Despatches from Beirut

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Dust was my first impression of Lebanon’s capital. A grimy dust that hangs in the air and claws at the back of your throat. That and the ear-splitting traffic noise, with car horns buzzing constantly like angry insects. Heading into the city from the airport we passed swathes of characterless apartment blocks, many greyed out and on the verge of collapse – whether through war damage or general disrepair, it was hard to tell. Familiar franchises like Costa Coffee and Krispy Kreme Donuts winked through the taxi windows as we swept past. Yet the cityscape is unmistakably Middle Eastern, with sand-coloured minarets reaching gracefully into the clouds, the Mediterranean-blue domes of mosques squatting firmly on the skyline and billboards laden with intriguing flashes of Arabic script. Arriving in a city like Beirut for the first time always brings a dash of zest to my blood. I couldn’t wait to explore.By the time I made the journey to the airport in reverse at the end of my trip, the city was beginning to be familiar, and I felt drawn back to it even before I’d left. I’d even got used to stepping out fearlessly into the raging torrents of traffic to cross the road. I hadn’t quite got used to the heavy military presence on the streets. Young soldiers in camouflage gear with guns hanging nonchalantly across their chests were everywhere. I witnessed several demonstrations, with pro- and anti-Assad protestors taking to the streets. The locals didn’t seem to give these events a second glance. Yet for me it was a surreal experience to sip a cappuccino in Paul’s Bakery at the corner of Gouraud Street, while across the road in Martyr’s Square reams of barbed wire were unfurled into temporary blockades and the city centre came to a heavily guarded standstill. The demonstrations brought fleets of crouching tanks rolling down the roads and a cold flutter shivering down my spine.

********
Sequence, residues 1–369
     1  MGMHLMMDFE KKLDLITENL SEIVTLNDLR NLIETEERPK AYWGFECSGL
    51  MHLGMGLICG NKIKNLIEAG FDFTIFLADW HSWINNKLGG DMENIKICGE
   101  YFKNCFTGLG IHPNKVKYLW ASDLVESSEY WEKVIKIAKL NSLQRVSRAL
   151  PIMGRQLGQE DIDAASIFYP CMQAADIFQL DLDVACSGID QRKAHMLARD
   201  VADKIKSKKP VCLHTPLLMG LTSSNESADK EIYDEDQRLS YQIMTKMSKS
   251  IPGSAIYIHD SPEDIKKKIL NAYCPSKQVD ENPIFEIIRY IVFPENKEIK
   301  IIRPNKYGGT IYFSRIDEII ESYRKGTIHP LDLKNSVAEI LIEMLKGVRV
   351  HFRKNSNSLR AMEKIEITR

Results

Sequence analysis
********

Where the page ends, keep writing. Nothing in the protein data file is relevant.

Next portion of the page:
The country’s violent past is always present, often in jarring juxtaposition with a city that has its eye on the future. The gleaming Phoenician Hotel, part of the Intercontinental chain, sits just across from the brand new marina development at Zaitunay Bayand next to a branch of Gaucho’s steak restaurant. Yet standing next to it, overlooking the polished chauffeur-driven cars and their equally polished passengers in heels and designer suits, is the bombed-out, blackened shell of the old Holiday Inn, a stark reminder that during the bloody civil war from 1975-1990, this was part of the Green Line, the division between Muslim east and Christian west Beirut and a virtual no-go zone.

Beirut is often associated with war, terrorism and violence. You can’t forget this: the facts are etched into the landscape. But the city has so much more. In the narrow streets and cosy boutique atmosphere of Gemmayze you get a definite sense of the early 20th century decadence that earned the city its nickname ‘the Paris of the East’. You can party here just as you could in any big city. In the ultra-modern Beirut Souks, packed with international designer brands, in the arty chic of Saifi village and in the expensive marina development you can see a sophisticated 21st century city. You can eat delicious Lebanese foods, drink wine from Lebanese vineyards and sample cuisines from around the world in an array of restaurants. Everywhere the cloying, sickly sweet smell of hookah pipes and the enchanting whine of the muezzin reminds you which region of the world you’re in. Viewing the city from the waterfront district, newly emerging on reclaimed land at the shoreline, it looks like a huge building site. It reminded me of Berlin in the late 1990s, with cranes and half-built, half-demolished buildings everywhere. Yet with the snow-capped peaks of Mount Lebanon behind, the glorious blue of the Mediterranean in front, and the elegant outlines of mosques studding the city, Beirut has a beauty that’s all its own. Despite the dust, despite the horrendous traffic, I’d love to go back.

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